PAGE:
3. Showcase your freedom to act independently – One of your greatest super-powers as a non-profit organization is your ability to act and speak out independently on critical issues. In recent years people have been looking for their donations to make more of an impact7, and get to the root causes of socio-economic or political problems. Non-profit grassroots and advocacy organizations have the ability to do just this. A good example is Greenpeace which is an independent global campaigning organization that acts to change attitudes and behaviour, to protect and conserve the environment and to promote peace. To maintain its independence, Greenpeace does not accept donations from governments or corporations but relies on contributions from individual supporters and foundation grants8. By communicating to donors that your organization’s ability to act independently is critical to achieving your mission and objectives, your donors will feel more inclined to support the important work that they too care so much about, even if that means they will not receive a tax credit.
  4. Take pride in your transparency and accountability – When registered charities report back to CRA, they have to abide by strict guidelines including having their financial statements audited, and most often have their financials posted online. As a non-profit organization, you are not required to do the same type of reporting. I recommend that if you have the capacity and the resources to arrange for audited financial statements, and can post your financials online, then do it! This will be regarded very positively by the category of donors who like to crunch numbers. Be sure to mention that even though you are not a registered charity, you prefer to govern yourselves like one to maintain the utmost transparency and accountability to your donors. They will appreciate the measures your non-profit took to maintain their books and will be more encouraged even though you are not a registered charity. Furthermore, donors may be inspired to give to non-profits if they know their funds are being used appropriately or as requested to.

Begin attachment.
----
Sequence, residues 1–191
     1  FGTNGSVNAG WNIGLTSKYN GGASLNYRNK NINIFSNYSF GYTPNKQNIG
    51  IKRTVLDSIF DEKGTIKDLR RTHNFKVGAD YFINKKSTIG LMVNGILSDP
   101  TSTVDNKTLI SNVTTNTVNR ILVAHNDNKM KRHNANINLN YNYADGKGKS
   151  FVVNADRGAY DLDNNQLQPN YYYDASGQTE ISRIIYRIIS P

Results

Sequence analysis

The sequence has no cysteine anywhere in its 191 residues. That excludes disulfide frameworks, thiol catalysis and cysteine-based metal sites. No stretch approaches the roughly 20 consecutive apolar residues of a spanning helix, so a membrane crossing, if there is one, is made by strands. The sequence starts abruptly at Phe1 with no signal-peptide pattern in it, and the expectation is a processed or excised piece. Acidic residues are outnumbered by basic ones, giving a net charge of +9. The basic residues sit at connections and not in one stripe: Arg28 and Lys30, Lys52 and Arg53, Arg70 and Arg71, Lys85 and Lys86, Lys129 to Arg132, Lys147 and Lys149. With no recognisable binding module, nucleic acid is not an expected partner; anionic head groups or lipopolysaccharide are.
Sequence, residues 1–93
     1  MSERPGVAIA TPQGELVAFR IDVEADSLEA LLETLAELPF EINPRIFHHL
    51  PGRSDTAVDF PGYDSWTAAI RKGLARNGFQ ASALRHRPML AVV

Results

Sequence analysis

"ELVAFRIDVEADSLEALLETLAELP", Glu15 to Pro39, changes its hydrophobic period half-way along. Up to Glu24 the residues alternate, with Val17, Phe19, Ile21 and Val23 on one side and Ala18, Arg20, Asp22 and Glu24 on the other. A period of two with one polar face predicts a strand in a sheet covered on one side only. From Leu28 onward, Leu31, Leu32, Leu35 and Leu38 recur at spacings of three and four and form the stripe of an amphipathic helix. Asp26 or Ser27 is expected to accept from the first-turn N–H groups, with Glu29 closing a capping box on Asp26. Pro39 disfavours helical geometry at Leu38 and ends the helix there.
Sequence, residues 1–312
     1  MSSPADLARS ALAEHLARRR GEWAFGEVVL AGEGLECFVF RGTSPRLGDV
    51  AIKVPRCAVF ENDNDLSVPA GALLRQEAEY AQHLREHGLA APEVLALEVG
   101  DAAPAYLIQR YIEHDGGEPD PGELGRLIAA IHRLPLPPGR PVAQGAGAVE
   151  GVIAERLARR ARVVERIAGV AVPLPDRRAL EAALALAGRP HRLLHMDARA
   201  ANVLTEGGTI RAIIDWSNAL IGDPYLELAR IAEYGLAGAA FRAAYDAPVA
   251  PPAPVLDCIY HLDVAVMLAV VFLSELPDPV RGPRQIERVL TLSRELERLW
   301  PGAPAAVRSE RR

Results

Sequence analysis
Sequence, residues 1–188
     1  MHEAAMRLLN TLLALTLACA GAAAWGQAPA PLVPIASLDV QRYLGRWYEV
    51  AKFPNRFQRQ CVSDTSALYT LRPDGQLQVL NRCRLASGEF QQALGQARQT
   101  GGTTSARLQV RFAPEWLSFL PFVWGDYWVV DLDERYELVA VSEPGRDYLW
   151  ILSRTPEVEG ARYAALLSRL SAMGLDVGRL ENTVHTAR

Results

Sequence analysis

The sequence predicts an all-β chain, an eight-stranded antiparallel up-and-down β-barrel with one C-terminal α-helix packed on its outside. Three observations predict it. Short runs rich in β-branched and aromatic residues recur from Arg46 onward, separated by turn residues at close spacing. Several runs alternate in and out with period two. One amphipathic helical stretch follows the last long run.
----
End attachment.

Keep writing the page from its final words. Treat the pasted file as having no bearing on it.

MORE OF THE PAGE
5. Take inspiration from everywhere – To get inspiration on what may work for your non-profit, look at examples of non-profit organizations that are in the same sector as you, as well as, those that are completely different. Take Avaaz for example. Avaaz is an online activist network launched in January 2007 that promotes global activism on issues such as climate change, human rights, animal rights, corruption, poverty and conflict9. Since 2009, Avaaz has not taken donations from foundations or corporations, instead, it relies simply on the generosity of individual members, who have now raised over $20m (£12.4m)10. That’s $20 million from regular people who made contributions without the expectation of receiving a tax receipt. Keep in mind that raising money for human rights and advocacy work is one of the toughest types of fundraising out there. It gives me hope for the rest of us, that we too can raise big dollars!